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Why Listening to Politicians Leads to Perceived False Economic Data

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Budget Cuts in 2011 Sign

One of the most well respected economics writers is David Leonhardt. His NY Times Economix blog is among the most well read and most non-political. This week, he clarified where the nation’s economy stands – and why it is as it exists. Rather than indulge in ideological talking points as so many politicians do, let’s deal in facts.

[O]ne of the major drags on growth has been the budget-cutting that has been going on at all levels of government for the past year and a half:

    The public sector has been shrinking for the last year and a half — mostly because of cuts in state and local government, with some federal cuts, especially to the military, playing a role as well. In the fourth quarter, government shrank at an annual rate of 4.5 percent.

    Over the last two years, the private sector grew at an average annual rate of 3.2 percent, while the government shrank at an annual rate of 1.4 percent.

    The combined result has been economic growth of 2.3 percent.

“The obvious conclusion seems to be that economic growth, and employment growth, would have been significantly stronger over the last two years without government cuts,” Leonhardt noted.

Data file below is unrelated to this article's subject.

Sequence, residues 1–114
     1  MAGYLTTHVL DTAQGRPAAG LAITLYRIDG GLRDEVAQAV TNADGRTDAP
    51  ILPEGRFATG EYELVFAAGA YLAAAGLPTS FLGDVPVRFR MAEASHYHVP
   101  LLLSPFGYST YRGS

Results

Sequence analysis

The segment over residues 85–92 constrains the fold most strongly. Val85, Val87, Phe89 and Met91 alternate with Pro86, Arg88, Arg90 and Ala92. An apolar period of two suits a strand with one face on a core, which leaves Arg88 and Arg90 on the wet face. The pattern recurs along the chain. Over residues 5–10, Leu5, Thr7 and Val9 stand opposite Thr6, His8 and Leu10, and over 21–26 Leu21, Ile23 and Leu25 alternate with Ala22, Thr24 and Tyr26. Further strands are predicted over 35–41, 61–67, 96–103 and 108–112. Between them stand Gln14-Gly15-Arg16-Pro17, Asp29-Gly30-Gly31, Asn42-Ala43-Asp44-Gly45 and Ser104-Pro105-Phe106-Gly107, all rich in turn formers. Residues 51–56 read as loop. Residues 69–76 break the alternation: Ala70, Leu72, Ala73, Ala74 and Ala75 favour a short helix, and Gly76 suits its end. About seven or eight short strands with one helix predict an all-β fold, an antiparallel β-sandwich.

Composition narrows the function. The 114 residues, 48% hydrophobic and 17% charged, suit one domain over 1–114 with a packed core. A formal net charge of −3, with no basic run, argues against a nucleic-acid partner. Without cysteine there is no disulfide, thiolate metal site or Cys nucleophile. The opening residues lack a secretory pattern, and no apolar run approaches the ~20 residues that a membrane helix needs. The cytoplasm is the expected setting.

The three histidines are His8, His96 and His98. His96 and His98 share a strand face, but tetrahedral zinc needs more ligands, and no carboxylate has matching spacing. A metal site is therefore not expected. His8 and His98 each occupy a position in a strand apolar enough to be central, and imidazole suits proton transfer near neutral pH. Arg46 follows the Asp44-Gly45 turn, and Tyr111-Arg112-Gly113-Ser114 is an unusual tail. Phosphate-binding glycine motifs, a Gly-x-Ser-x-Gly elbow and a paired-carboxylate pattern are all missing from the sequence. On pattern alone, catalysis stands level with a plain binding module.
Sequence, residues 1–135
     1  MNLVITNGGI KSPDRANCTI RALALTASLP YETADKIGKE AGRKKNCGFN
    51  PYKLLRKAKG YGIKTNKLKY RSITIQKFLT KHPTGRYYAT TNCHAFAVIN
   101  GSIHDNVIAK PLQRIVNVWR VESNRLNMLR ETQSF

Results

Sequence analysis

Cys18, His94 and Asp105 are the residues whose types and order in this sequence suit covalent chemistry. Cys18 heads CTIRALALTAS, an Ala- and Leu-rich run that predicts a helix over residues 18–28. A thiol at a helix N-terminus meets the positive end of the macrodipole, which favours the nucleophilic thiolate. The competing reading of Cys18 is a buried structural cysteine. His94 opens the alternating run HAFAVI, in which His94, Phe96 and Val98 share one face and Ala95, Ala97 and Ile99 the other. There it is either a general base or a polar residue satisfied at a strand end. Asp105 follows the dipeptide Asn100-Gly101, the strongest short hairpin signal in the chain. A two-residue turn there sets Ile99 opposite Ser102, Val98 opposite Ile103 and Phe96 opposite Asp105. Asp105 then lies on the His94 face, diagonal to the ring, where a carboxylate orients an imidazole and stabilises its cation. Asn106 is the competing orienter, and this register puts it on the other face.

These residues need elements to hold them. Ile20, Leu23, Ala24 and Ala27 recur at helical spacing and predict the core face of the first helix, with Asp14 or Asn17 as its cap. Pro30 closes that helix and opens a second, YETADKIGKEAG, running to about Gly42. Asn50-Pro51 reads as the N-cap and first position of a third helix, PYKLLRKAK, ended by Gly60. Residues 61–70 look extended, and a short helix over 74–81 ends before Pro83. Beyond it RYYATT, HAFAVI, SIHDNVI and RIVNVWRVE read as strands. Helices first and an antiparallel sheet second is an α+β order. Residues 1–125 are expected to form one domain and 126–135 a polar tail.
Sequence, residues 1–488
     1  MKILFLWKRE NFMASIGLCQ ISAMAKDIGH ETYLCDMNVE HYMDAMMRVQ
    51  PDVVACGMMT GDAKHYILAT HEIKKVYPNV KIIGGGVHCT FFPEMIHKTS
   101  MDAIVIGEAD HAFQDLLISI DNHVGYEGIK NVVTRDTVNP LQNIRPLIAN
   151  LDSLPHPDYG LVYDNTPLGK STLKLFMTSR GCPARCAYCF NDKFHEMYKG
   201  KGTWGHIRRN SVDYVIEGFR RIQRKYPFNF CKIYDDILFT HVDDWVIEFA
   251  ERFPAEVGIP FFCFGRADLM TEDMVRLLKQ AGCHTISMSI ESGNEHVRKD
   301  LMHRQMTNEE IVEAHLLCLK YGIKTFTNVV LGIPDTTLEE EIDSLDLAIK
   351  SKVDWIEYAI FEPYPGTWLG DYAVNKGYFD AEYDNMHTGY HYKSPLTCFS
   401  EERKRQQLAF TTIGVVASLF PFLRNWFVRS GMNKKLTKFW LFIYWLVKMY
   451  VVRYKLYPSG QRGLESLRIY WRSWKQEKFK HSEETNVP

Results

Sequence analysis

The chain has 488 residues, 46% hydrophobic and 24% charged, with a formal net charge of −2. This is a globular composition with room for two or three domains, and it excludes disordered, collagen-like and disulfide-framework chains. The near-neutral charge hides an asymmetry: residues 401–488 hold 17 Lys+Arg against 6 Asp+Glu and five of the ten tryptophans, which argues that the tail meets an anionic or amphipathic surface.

2011 Economy - Private Sector vs Public Sector Employment

As Leonhardt writes:

The private sector began to recover in 2009. The recovery slowed in 2010 and again in 2011, as the dips in the red line show. But by the end of last year, the private sector was expanding at a healthy 4.5 percent annualized pace.

Why, then, wasn’t economic growth in the most recent quarter better than the 2.8 percent that the Commerce Department reported today?

Because the economy is the combination of the private and public sectors. The public sector has been shrinking for the last year and a half — mostly because of cuts in state and local government, with some federal cuts, especially to the military, playing a role as well. In the fourth quarter, government shrank at an annual rate of 4.5 percent.

Over the last two years, the private sector grew at an average annual rate of 3.2 percent, while the government shrank at an annual rate of 1.4 percent.

The combined result has been economic growth of 2.3 percent.

As a result, when employment and economic data are used by politicos, one should remember that significant private sector employment gains, especially after a devastating financially caused recession as opposed to a business cycle recession, are being offset greatly by a significant loss in the public sector. Thus, no one should listen to politicians regarding economic conditions without seeking politically independent, expert data.

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Written by Valerie Curl

February 3, 2012 at 9:25 AM

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